TORONTO – The Transportation Safety Board’s (TSB) investigation into a collision between two planes will examine whether a major airline followed its evacuation protocols, a spokesman said Saturday.
A Sunwing plane caught on fire after it clipped a WestJet aircraft at Toronto Pearson International Airport Friday evening, forcing those on board the WestJet aircraft to evacuate the plane on emergency slides.
A WestJet spokesperson told Global News on Friday that while waiting to proceed to the gate, a Sunwing plane reversing from the gate struck a WestJet Boeing 737-800 carrying 168 guests and six crew members.
Everyone was safely evacuated and nobody on board was injured.
But passengers have offered accounts of confusion aboard the plane and allegations that procedures were not clearly communicated.
WestJet did not respond to questions about the allegations, but Transportation Safety Board spokesman Chris Krepski said they will be one of the aspects examined in its pending probe.
“Certainly we would look into the evacuation procedures,” he said in an interview. “We would look at the procedures in place at the Toronto Pearson Airport with respect to ground handling operations. … These are all elements of information we will be gathering as part of the investigation.”
Ali Alagheband, an engineer from Toronto travelling aboard the Westjet flight with his wife and son, said chaos erupted shortly after the plane touched down early Friday night.
He said the flight from Mexico had landed early, requiring the aircraft to wait on the ground before passengers could disembark.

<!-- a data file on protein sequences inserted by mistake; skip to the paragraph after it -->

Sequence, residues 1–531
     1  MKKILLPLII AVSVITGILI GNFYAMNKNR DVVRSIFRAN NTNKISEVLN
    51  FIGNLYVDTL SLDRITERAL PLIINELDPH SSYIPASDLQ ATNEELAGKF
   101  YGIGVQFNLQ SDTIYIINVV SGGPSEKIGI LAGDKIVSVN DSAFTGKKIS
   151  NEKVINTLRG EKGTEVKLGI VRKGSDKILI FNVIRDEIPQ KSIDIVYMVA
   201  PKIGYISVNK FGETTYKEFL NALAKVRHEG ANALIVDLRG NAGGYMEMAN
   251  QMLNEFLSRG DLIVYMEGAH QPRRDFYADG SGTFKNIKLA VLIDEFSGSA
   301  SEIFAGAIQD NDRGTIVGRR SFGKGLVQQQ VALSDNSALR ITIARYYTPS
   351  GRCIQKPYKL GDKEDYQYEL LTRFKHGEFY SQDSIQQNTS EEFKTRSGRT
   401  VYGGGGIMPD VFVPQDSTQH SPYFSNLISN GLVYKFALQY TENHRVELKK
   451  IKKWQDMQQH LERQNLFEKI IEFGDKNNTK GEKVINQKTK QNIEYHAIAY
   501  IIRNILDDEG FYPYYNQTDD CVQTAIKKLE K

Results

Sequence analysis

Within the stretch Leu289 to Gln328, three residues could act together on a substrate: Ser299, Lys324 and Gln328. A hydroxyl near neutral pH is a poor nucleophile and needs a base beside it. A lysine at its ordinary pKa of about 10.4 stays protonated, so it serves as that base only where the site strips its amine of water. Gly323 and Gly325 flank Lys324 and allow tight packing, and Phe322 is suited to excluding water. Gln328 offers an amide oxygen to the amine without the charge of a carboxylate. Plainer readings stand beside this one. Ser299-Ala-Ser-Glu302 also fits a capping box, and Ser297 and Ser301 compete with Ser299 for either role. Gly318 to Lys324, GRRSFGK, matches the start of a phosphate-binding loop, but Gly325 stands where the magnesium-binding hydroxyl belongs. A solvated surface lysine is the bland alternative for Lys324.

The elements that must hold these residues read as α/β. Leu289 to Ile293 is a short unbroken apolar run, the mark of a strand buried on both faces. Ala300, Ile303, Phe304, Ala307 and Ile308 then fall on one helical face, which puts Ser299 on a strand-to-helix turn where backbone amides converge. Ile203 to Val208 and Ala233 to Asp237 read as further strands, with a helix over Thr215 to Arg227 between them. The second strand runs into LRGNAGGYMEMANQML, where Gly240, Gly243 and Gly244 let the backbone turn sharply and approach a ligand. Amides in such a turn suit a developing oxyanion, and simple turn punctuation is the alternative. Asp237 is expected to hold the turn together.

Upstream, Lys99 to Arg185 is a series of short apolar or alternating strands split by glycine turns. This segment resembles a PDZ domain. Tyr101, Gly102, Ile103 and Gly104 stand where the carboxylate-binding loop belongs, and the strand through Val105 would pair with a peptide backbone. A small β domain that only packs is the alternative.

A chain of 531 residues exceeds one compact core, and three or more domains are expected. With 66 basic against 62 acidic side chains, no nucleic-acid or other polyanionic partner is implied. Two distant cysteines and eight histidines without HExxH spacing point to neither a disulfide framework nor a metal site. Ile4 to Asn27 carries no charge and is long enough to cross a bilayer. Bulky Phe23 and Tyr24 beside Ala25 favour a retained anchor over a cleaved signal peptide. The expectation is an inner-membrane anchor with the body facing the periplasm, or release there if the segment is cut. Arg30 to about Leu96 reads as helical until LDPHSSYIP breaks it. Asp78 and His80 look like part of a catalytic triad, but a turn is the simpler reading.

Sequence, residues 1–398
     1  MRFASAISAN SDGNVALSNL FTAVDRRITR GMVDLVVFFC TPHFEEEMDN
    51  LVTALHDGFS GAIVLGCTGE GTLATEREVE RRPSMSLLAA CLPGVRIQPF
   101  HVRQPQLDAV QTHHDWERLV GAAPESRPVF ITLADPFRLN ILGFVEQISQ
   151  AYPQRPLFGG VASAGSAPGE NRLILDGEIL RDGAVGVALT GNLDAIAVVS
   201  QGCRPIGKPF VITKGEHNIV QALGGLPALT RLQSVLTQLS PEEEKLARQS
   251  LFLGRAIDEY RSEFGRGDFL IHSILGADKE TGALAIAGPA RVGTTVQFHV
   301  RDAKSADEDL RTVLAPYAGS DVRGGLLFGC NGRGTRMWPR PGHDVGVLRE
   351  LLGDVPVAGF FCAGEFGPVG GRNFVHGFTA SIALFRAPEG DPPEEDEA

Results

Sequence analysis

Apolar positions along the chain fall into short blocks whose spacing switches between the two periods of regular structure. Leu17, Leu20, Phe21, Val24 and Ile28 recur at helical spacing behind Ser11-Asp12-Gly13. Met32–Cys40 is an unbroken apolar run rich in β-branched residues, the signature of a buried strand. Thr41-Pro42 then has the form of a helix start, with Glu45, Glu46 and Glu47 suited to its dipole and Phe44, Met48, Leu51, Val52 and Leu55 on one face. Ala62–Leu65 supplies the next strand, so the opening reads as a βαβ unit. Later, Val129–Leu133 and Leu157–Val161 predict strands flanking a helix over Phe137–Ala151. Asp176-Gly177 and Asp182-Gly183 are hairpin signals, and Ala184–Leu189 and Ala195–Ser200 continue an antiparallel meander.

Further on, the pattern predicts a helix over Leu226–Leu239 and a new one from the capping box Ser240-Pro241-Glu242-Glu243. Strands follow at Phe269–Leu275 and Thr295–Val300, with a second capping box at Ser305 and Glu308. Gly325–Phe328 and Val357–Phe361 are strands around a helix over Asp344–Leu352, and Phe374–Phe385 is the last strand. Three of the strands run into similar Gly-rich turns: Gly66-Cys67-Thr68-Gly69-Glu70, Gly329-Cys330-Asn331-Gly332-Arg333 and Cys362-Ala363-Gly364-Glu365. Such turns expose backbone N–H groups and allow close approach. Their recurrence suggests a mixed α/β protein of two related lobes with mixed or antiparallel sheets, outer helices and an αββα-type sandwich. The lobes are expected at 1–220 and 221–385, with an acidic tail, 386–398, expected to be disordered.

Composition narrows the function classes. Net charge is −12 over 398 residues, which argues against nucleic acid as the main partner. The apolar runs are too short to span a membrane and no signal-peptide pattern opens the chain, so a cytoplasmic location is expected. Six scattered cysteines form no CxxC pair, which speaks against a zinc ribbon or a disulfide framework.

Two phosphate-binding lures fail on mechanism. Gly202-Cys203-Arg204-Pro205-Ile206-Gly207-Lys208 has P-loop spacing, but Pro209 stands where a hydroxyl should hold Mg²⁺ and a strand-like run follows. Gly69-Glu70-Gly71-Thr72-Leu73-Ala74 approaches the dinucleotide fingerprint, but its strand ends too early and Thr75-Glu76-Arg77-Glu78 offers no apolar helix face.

As they waited to taxi to the gate, Alagheband said he felt what he called a “significant vibration” that led him to believe the plane had been hit.
Shortly thereafter, he said he saw a fireball near the plane’s wing and began to smell smoke.
VIDEO: Pilot calls for ‘mayday’ after plane catches fire at Toronto’s Pearson International Airport
He said the resulting commotion made it difficult to hear instructions from the flight crew, adding what information came through was sometimes contradictory.
But he said the crew’s primary piece of advice was at odds with what he felt to be the safest approach.
“I’m sure they did their best, but … they kept saying ‘be seated, remain seated’ as the fire was going on outside,” he said. “I was telling my wife, ‘to hell with keeping seated, we’ve got to get out of here.”‘
WATCH: Woman films evacuation from WestJet flight after incident at Pearson Airport
Alagheband said he never heard announcements coming from the pilot clarifying how to proceed, a situation he said was dangerous given the fact that a fire was burning near an area where plane fuel is stored.
The Greater Toronto Airports Authority said crews extinguished a small fire on the Sunwing plane and some flight operations were affected by the incident. One airport firefighter was sent to hospital with undisclosed injuries.
Swissport Canada Handling Inc. confirmed to Global News Friday its staff towed the Sunwing plane. Pierre Payette, vice president of operations for Toronto, said in a written statement the company “regrets” the incident and is cooperating with TSB investigators.
“The incident occurred when our employee was pushing back the plane from the gate,” Payette wrote.
Sunwing said there were no crew or passengers aboard its aircraft at the time of the incident.
—With files from Nick Westoll
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